Over the past year, Connecticut’s Auditors of Public Accounts have found instances of workplace violence, benefits paid to deceased individuals, abuse of overtime, state agencies that violate both state policy and union contracts and “massive financial reporting errors” in Connecticut’s state agencies. According to state statute, the Government Administration and Elections ...
Former state representative convicted of bank fraud
Former state representative Victor Cuevas, D – Waterbury, was sentenced to one year probation and a $1,000 fine for conspiracy to commit bank fraud.
The charges stemmed from Cuevas’ purchase of a condominium in Bristol for one of his sons using a Federal Housing Administration loan. Cuevas told the mortgage company that his “cousin” was gifting him $7,000 for the purchase of the property. However, the cousin was actually Cuevas’ fellow employee with the City of Waterbury.
The two men signed a Housing and Urban Development statement that the funds were a gift, however, as soon as the mortgage was closed, Cuevas paid the funds back to his coworker.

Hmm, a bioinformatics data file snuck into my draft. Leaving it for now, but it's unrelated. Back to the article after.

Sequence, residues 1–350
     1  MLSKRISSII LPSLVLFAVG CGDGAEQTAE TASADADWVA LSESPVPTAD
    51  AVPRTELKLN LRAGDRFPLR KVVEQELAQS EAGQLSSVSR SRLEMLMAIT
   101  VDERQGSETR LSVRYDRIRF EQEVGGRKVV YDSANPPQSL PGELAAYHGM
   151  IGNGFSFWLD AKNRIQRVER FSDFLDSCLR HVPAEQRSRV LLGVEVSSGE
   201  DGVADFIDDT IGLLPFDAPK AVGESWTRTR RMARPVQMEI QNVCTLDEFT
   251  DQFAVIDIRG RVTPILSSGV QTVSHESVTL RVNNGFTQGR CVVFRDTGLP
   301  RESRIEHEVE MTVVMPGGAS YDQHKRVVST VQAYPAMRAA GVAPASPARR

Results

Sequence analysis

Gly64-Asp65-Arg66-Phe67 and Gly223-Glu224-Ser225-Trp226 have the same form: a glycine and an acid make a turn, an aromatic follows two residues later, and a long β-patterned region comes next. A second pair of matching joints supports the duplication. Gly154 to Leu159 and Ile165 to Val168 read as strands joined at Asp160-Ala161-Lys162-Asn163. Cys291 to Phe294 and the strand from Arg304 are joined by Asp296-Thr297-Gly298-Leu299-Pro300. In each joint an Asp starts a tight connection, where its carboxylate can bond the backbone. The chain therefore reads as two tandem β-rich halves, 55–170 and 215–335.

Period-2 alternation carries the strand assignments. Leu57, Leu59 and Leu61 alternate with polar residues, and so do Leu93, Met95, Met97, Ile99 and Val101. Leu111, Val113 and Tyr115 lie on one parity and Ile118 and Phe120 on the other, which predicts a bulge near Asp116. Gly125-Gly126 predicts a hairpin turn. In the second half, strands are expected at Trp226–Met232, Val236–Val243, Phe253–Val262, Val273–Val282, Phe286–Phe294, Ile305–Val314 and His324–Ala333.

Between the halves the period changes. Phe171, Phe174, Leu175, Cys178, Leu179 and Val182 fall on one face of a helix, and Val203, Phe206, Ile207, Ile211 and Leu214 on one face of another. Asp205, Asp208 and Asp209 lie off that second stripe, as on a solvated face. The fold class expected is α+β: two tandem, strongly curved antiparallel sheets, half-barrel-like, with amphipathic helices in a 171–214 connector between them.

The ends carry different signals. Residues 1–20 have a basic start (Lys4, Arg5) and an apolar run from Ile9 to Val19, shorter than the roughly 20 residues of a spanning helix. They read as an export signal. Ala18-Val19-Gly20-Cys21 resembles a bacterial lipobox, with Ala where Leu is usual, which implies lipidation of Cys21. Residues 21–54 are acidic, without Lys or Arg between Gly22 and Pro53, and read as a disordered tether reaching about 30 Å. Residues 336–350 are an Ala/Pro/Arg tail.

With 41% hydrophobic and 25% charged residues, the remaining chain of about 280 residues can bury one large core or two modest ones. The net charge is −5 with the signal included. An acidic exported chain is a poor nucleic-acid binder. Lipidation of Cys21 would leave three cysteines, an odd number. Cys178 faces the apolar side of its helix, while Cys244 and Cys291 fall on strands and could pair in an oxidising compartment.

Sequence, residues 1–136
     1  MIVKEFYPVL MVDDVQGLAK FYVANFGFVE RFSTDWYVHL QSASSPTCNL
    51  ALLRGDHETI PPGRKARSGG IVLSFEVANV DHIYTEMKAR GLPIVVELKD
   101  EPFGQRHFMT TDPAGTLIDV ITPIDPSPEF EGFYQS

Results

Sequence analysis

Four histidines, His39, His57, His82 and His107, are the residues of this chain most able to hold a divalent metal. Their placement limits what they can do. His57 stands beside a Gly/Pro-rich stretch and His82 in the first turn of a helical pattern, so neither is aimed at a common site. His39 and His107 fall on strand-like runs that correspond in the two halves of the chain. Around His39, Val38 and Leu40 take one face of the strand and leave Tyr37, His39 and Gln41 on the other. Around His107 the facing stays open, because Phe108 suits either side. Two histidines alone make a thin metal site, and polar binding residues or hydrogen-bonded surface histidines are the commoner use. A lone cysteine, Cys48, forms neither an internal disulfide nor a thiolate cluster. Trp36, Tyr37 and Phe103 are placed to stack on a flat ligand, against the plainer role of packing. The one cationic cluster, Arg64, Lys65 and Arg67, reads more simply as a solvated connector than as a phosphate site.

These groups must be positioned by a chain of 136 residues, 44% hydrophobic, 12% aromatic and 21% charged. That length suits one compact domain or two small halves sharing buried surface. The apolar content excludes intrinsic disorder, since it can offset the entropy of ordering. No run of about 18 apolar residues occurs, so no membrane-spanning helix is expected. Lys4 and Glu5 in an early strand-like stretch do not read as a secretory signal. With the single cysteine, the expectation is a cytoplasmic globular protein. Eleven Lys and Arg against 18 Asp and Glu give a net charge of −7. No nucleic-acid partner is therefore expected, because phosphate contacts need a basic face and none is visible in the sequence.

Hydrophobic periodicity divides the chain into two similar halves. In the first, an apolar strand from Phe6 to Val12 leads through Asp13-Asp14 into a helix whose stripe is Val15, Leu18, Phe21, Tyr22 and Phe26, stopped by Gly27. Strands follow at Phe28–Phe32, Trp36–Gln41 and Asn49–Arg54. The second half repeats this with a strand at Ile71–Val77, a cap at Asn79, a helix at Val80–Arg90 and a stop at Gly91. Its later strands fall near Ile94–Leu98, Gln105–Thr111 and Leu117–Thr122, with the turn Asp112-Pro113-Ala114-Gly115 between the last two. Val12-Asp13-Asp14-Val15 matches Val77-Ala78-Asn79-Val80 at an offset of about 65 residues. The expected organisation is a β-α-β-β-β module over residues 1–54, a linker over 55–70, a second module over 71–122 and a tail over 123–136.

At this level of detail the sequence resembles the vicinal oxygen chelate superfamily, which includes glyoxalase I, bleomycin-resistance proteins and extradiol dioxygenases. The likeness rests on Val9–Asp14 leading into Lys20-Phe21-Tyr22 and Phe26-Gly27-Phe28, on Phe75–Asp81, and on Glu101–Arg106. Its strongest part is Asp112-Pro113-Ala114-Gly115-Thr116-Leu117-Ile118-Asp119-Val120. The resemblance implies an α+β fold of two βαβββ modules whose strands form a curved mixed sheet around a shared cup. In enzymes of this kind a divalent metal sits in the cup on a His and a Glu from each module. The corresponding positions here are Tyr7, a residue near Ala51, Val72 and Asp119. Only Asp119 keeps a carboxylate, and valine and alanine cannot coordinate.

This the latest in a string of incidents for Cuevas. Cuevas had previously been arrested for DUI following a 2015 car accident on 1-84.
The same week as Cuevas’ DUI arrest, his son – also named Victor – was arrested at the legislative office building on voyeurism charges, making a false statement and disorderly conduct.
Rep. Cuevas resigned as representative of the 75th district midway through his second term in March of 2016 during the fraud investigation. He pleaded guilty to the charges in June of 2016.
Cuevas had been a member of the Appropriations Committee as well as the committees on Insurance and Real Estate, and Labor and Public Employees. He was replaced by Geraldo Reyes in a special election.
The charges against Rep. Cuevas Sr. were investigated by the Connecticut Public Corruption Task Force, including the department of Housing and Urban Development, the Office of the Inspector General and the FBI.
Renewed push to reform Connecticut’s wage-tip credit reveals political divide, as restaurants face lawsuits
A joint public hearing before the Judicial and Labor and Public Employees Committee was held at the Capitol today to consider a working draft bill to change state regulations regarding wages for restaurant servers. The push for a regulatory change is a response to a series of on-going lawsuits against ...